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protecting interests, influencing justice, and righting wrongs. Whistle blowing is the voice of conscience. Organizational culture’s seven dimensions are quite important as it tells employee’s weather to report or not and it will have greater impact on organizations overall performance. Lianthi Ravishankar (2002) in his famous article for university of Oxford magazine Encouraging internal whistle blowing in organization also explained whistle blowing. He termed it as employees who bring wrongdoing at their own organizations to the attention of superiors. He argued that whistle blowers encounter hostility and alienation from people and in industry faced retaliation from their employers in the form of dismissal or other personal hardships. And are generally defined as snitch or a lowlife who betrays a sacred trust largely for personal gain. There are several ways whereby problems can be solved timely thus encouraging whistle blowing according to writer: 1. Full support and confidence should be provided to employee so that they can bring problems quickly and immediately to internal authorities to be solved as soon as possible. 2. Employees should be made clear about the importance of adherence to codes of conduct. De Dreu, De Vries, Franssen, Altink (2000) have done an in-depth study regarding the concept of Whistle blowing. Based on their research study they have made some hypothesis then tried to prove it. Lastly they also have highlighted the limitations in the article, so a bit of a summary of every part is given below: Minority dissent may consume time and deteriorate interpersonal relations but it also increases organizational effectiveness, the quality of group decision making, and individual problem solving capacity. They have related the organizational dissent to innovation. Minority dissent may be broadly defined as: “Publicly advocating and pursuing beliefs, attitudes, ideas, procedures, and policies that go against and challenge the position or perspective assumed by the majority of the groups or organization’s members”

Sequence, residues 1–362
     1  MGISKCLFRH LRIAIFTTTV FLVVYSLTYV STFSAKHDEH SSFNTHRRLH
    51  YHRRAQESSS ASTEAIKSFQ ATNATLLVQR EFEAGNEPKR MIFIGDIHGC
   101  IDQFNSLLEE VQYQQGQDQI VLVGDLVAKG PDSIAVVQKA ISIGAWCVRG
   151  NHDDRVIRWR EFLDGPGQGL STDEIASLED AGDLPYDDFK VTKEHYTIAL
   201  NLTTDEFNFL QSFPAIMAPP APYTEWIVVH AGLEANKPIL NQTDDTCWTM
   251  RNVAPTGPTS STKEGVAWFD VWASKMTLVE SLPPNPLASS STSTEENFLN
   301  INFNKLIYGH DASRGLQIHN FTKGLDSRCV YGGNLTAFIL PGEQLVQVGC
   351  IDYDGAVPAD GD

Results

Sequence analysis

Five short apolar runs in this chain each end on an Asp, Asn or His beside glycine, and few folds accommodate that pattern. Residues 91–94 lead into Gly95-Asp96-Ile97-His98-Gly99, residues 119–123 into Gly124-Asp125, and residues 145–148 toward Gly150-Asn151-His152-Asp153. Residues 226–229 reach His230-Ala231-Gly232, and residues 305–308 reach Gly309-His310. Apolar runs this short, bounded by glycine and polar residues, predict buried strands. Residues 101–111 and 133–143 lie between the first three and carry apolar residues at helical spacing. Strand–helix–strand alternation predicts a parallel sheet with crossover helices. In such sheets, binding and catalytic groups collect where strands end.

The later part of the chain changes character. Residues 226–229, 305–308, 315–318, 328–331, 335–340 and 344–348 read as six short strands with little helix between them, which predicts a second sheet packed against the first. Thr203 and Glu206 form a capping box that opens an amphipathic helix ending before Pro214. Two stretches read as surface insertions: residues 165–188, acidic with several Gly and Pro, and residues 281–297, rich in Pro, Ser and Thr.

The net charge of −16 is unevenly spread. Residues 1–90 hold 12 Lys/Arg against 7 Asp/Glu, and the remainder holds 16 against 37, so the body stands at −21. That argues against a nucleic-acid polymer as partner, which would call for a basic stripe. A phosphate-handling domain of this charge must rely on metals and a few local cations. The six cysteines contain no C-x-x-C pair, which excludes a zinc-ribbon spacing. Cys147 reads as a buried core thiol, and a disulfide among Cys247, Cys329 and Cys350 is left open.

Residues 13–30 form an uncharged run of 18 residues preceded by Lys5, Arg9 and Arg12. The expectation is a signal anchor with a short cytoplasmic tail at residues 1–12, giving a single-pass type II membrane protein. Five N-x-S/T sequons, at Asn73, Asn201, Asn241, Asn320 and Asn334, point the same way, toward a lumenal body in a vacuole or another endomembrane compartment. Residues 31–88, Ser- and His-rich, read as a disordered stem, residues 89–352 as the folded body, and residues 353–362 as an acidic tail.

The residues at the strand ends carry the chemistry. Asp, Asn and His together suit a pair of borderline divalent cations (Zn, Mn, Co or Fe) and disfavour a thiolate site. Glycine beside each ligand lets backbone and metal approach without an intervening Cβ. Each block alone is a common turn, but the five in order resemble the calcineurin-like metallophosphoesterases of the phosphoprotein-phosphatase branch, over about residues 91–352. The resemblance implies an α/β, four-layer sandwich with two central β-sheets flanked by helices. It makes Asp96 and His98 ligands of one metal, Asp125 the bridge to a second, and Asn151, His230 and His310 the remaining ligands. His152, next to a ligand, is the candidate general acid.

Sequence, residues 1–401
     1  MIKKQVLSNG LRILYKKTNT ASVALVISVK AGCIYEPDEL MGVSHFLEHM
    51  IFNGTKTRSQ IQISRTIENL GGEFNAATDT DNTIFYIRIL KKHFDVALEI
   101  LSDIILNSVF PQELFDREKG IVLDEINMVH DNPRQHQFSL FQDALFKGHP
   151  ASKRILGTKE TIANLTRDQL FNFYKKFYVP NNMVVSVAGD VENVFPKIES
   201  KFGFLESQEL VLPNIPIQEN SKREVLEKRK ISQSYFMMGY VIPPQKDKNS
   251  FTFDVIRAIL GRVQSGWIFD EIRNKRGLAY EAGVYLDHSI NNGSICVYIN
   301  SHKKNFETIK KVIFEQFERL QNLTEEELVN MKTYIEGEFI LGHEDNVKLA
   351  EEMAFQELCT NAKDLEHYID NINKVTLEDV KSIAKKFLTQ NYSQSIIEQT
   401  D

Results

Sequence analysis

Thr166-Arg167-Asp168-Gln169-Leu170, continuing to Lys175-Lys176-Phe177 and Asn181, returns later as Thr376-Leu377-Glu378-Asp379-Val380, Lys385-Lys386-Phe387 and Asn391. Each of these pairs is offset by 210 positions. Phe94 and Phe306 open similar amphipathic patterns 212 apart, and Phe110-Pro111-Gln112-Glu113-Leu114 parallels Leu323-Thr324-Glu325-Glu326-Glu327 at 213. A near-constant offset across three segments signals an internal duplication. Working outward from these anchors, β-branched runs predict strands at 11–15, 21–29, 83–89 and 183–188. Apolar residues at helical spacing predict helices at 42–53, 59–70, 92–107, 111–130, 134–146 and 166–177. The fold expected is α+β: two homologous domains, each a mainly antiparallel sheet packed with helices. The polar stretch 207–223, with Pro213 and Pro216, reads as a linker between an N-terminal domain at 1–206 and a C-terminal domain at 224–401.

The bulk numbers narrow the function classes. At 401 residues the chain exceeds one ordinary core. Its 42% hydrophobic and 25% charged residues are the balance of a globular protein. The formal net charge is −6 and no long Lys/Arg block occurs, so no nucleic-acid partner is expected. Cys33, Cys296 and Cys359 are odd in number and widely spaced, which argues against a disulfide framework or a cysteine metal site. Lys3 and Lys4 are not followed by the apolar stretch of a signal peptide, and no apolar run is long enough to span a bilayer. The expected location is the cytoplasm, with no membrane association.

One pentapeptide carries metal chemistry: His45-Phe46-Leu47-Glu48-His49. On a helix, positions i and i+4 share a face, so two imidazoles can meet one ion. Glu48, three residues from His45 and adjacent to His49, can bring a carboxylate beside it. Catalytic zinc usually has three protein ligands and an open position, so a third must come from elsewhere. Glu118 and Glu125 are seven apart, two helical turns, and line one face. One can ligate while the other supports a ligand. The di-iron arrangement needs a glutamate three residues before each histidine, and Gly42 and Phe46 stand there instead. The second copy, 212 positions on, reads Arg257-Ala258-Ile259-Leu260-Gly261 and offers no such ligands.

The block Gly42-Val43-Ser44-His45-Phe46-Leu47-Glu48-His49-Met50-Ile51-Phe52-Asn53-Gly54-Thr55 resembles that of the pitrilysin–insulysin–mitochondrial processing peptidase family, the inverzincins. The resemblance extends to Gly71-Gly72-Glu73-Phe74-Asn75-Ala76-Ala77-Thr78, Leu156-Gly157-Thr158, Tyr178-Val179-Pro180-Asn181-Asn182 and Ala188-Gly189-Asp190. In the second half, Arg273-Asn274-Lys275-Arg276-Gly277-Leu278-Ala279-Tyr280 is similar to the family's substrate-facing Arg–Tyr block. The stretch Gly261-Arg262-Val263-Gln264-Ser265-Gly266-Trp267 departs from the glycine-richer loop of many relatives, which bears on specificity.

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According to Santee and Maslach (1982), personality characteristics proved to be a powerful determinant. Result has shown that extraversion is the key to whether or not individuals in organizations stand up and voice their dissenting positions. When forming teams in organizations, organizational leaders may take into account the proportion of extraverted group members. Too few and too many extraverts in a group are not good. So a positive relation is found that number of team members high in extraversion may lead towards more dissent and innovation. Results for work pressures were in the predicted direction and revealed that a higher workload positively associates with willingness to dissent. Perhaps increased levels of work provide the stress level that is needed to think about the tasks in a constructive way and hence to foster willingness to dissent in a work team. Intergroup competition was not significantly related to willingness to dissent. They say that may be intergroup competition is not a salient factor in their setting in which their respondents were engaged. They say that they have measured this on one base so the reliability is doubtful. They have also found out that past neglect of minority dissent reduced willingness to dissent. The reason they have given is based on the result of another researcher (Graham’s 1986) that an organizational culture that disrespects individual conscience and that fails to foster interpersonal trust may reduce the occurrence of dissent. Their result also supports the hypothesis number 5 and 6 with the extraverted people. They advised the leaders to set the goal in the early phases of teamwork, but in later phases they should focus on communicating about how to achieve the goal. So that positive dissent and space for innovative ideas remain there. Now as we are focusing more on dissent and its impact on individuals, we tried to summarize its impact as whole also. Now we wanted to study organizational dissent as ethical dissent and its impact on organizations overall culture or vice versa. Ethical dissent, which was quiet important for summarizing dissent, impacts on whole organization not on one individual. So Stephen’s study was important in this regard. Thickett (2005) argued ethical dissent that the process of ethical dissent is not merely a single action but is a series of events taking up a significant amount of the employee’s time. Starting with an employee noticing something going wrong in the